You really should go and ask for your money back and remove the jewelry. That is not where your nipple should be pierced. And the bar is dangerously short.
I marked with arrows where it should have been placed at the base of your nipple.
January 20th, 2013
I received a message and photo from a woman who was concerned about her nipple piercing:
I've attached a picture of my nipple piercing. Ive had it for roughly about 3 months.
A bump has appeared and sometimes puss/blood leaks out of it. I think this is because I became less strict with salt soaking it daily, because I assumed it healed already. Do you have any ideas for getting rid of this bump and do you know if this is just simply and infection or is it worse e.g. Migration/Rejection.
Nipple piercings can take 6-9 months or so to heal on women, so you will need to keep up with aftercare, including saline soaks, for some time. The excerpt below is from my book:
January 19th, 2013
I received a message from a piercee who couldn't figure out why her old, established piercings were acting up:
I have several piercings all different ages some for as many as 10 years or more and not had any problems. Recently they have all began to migrate and reject and I don't understand why. Can you tell me why this would happen all of the sudden and at such volume after years of no problems at all?
Are you experiencing some kind of excessive stress right now? That can cause problems with healed piercings. If not, I'd suggest a visit to a doctor for a thorough check up. After a long history of stability, if your piercings are acting up that could indicate a health problem of some sort. Here is some information on how stress can affect you.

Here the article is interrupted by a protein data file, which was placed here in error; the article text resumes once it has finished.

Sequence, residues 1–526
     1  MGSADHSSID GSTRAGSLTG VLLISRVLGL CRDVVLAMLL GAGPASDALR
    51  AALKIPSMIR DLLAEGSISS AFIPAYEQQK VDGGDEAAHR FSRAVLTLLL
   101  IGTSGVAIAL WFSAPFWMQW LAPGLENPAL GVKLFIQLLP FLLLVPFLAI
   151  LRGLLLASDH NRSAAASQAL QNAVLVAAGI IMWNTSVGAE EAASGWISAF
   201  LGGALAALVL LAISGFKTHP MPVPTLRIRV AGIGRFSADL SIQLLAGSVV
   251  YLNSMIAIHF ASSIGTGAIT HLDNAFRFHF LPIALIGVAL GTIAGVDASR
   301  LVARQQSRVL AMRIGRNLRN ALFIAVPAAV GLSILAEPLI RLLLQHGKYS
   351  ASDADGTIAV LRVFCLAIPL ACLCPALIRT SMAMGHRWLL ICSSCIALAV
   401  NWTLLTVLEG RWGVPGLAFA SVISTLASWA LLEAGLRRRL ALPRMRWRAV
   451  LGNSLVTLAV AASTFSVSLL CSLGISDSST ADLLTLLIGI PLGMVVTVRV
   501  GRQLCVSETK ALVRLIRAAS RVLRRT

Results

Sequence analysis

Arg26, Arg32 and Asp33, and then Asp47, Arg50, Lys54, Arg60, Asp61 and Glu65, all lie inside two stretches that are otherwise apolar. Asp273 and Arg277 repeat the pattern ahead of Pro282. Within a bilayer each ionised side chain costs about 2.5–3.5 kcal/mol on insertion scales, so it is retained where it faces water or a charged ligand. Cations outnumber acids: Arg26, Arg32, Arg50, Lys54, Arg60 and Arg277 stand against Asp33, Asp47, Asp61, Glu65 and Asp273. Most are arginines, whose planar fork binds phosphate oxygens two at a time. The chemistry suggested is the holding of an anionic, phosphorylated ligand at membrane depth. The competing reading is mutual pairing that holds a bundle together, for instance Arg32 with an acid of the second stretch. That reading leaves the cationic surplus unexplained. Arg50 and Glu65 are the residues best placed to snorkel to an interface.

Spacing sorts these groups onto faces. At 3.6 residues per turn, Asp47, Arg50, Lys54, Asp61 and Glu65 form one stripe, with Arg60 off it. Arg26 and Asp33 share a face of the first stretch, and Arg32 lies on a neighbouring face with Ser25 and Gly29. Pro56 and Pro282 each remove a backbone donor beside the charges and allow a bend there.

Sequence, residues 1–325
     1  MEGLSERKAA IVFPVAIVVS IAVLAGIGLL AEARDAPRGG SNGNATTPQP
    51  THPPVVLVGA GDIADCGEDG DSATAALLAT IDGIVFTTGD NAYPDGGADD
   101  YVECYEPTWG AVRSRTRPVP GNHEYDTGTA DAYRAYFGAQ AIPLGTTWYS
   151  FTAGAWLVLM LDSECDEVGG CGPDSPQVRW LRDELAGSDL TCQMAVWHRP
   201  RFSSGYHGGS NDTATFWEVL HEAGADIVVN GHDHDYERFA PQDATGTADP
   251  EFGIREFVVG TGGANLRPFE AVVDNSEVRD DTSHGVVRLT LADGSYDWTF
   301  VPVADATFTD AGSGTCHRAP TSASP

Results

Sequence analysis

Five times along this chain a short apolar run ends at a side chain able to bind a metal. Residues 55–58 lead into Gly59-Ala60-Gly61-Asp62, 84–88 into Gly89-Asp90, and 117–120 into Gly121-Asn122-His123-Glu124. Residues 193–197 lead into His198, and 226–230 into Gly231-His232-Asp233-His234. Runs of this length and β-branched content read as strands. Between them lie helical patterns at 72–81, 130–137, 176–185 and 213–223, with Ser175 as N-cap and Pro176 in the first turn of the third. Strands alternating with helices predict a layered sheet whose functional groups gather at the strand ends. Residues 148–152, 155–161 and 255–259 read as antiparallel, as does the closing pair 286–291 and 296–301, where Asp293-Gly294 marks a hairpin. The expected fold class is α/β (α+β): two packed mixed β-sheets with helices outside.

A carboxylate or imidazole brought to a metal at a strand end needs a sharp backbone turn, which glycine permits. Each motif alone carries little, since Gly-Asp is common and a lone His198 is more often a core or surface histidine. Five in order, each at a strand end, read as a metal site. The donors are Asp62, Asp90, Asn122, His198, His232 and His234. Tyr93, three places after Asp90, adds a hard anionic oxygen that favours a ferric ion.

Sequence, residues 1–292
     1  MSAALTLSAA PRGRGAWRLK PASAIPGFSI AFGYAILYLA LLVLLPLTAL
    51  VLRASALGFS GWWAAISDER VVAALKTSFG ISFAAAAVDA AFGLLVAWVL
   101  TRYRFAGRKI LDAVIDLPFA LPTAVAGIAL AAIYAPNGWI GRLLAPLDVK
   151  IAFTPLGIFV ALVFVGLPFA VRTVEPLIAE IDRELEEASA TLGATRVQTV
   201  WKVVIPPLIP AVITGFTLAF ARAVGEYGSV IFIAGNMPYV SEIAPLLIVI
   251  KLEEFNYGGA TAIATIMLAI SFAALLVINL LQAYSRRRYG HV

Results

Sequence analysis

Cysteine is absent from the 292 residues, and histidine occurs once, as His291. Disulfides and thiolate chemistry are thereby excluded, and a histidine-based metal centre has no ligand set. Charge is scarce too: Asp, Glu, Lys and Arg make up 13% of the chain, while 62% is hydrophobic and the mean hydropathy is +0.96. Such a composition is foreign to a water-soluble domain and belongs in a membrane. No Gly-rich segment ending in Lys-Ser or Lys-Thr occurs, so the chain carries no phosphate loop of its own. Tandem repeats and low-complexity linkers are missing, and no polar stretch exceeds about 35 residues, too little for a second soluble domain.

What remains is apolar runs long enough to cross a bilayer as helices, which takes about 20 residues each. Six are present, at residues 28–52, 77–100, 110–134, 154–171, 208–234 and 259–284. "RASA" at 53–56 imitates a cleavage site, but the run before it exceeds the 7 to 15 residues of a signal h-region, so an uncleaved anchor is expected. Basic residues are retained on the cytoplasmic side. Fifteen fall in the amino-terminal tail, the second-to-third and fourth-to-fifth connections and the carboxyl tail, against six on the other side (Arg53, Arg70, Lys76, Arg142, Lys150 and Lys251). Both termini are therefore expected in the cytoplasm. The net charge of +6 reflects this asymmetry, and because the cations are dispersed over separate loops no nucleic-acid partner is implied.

Please keep me posted!
She did just that, and contacted me again about three months later:
I emailed you a while ago regarding my migrating piercings. After some observation and doctor visits it was in fact due to high stress levels as you suspected.
November 4th, 2012
My left nipple has been pierced the EXACT same amount as my right and it still leaks, nearly every morning I have crustys that I must clean off, and a bit through out the day. Nothing excessive, though sometimes in the morning I find dried blood. I have had to go up in size on my left nipple slightly when the nipple got a bit bigger but only on one side. I have pictures that I would gladly send, however I saw no option on your website for me to attach :( I want to know is there way to get my left nipple back to regular without having to take the piercing out? Is it rejecting at a very slow rate? Will my nipple be this way forever?
You definitely do have some scar tissue formation going on there.
Do you feel like it is continuing to grow, or if it has stabilized?
I don't know if perhaps that side was pierced a little deeper than not he other one? In any case, I have some suggestions from my book for dealing with excess scar tissue (called hypertrophic scarring) and I posted it here on this website.
November 2nd, 2012
I got a message from a man who had both his nipples pierced, and he suspected something was not right with one of them:
Hello! I recently got both nipples pierced. My right one looks very good, but my left one doesn't look like it has pierced enough tissue, and as such, is making me very nervous. They have been in for a little over a week at this point, there is no pain, and minor crusting. Does it appear to be ok? Or should I remove it, let it heal, and then have it redone?
Unfortunately, that piercing is far too close to the surface to be viable. If you don't remove it, I am sure that it will reject completely, which can leave you with a split scar.
I think you should get your money back--that was NOT properly pierced. I would suggest you wait at least 4 weeks before repiercing, and make sure the tissue feels pliable. If it feels dense or tight, I would continue to wait. You may want to try a scar reduction product to facilitate the healing after the wound seals over.
I would strongly advise you visit a more competent professional to redo it; I would not trust the individual who performed the original piercing.
If you would like to have me evaluate the other side, feel free to send another photo.